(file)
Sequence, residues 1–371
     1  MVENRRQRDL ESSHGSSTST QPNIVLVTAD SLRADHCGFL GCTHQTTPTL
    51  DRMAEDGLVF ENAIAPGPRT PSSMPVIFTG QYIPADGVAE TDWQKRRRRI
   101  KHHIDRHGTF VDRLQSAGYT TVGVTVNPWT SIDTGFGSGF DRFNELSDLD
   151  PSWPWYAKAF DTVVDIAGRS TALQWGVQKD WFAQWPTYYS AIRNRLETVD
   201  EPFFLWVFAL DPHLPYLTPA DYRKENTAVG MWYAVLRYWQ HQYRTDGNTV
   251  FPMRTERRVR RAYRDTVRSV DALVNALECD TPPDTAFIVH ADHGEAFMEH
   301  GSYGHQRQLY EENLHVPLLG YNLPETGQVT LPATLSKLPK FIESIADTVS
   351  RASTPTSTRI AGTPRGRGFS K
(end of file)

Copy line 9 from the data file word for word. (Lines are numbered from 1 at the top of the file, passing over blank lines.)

   351  RASTPTSTRI AGTPRGRGFS K